Eighteen months ago, one of my best friends was diagnosed with a life-limiting disease and was rapidly confined to a wheelchair.
His world was suddenly turned upside down as his house was adapted and his wife and two young children learnt to cope with his disabilities. With time now so precious, they were keen to go on a family holiday, but found it impossible to find a travel company that could guarantee to meet all his needs. Consequently, they haven’t been away since his diagnosis and, as his condition deteriorates, they are unlikely to do so.
This is just one story, but there will be thousands like it. Two weeks ago, World Travel Market chairman Fiona Jeffery said people with mobility issues or disabilities were “neglected” by the travel industry, a failing that she vowed to tackle at this year’s WTM. This week, The Travel Network Group, which describes the disabled market as “large and growing”, launches a disabled travel franchise scheme to better serve this huge market of potential travellers.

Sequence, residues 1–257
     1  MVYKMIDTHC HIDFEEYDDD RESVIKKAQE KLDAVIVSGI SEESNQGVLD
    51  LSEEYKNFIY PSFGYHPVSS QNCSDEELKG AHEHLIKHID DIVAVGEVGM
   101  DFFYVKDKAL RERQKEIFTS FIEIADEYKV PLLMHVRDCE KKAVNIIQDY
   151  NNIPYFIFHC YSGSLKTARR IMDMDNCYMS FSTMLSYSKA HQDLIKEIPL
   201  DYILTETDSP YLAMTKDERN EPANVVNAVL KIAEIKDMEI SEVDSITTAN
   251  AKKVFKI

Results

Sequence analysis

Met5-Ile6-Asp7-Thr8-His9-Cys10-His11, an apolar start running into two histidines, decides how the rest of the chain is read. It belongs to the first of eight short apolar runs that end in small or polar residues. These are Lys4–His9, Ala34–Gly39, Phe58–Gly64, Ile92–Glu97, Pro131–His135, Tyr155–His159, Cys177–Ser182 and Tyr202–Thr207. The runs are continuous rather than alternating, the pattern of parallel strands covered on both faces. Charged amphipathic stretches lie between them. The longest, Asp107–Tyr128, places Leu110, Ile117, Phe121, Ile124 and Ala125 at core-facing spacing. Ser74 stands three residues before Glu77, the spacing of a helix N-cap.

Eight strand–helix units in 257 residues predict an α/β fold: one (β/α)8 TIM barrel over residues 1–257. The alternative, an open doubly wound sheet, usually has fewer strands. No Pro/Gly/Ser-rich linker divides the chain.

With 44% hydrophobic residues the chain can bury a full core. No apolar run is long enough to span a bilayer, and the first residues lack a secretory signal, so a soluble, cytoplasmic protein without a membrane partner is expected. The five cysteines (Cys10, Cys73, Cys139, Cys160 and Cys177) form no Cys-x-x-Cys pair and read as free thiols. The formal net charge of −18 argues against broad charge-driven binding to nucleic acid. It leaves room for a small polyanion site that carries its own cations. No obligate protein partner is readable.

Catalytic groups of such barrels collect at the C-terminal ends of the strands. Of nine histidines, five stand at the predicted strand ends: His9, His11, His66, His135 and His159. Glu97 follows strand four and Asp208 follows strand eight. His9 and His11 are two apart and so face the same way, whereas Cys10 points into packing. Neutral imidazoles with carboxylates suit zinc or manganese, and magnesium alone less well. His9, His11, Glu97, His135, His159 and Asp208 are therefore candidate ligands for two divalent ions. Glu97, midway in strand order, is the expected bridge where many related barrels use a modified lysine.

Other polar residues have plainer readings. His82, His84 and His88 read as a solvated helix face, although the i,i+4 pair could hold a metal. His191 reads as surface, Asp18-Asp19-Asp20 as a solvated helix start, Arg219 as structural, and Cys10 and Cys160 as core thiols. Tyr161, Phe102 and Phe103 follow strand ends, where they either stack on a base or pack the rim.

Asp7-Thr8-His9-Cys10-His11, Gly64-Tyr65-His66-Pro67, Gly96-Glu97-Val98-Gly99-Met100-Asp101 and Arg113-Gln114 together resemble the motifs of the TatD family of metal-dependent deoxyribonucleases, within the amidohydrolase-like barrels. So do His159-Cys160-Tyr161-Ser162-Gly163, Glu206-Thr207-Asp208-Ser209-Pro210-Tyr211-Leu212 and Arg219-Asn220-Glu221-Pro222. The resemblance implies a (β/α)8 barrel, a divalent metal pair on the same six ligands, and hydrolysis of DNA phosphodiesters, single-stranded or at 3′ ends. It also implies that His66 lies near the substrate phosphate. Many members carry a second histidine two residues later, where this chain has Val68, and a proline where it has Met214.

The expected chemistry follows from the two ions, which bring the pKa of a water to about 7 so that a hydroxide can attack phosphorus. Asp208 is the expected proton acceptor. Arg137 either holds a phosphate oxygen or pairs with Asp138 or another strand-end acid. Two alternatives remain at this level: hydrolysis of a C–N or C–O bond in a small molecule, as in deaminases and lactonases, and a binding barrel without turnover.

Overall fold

Last year, The Co-operative Travel won an innovation award for its new Disabled Travel Charter, so it seems the issue is being addressed. Some would argue this should have happened years ago, but at least concerted efforts are being made by some, and pledges to raise awareness are being made by others.
Thomson’s current advert extols the virtues of a holiday as giving us the precious time to spend with our loved ones without interruptions of everyday life – and that’s true for disabled holidaymakers as well as able-bodied ones. In fact, in the case of my friend, even more so.
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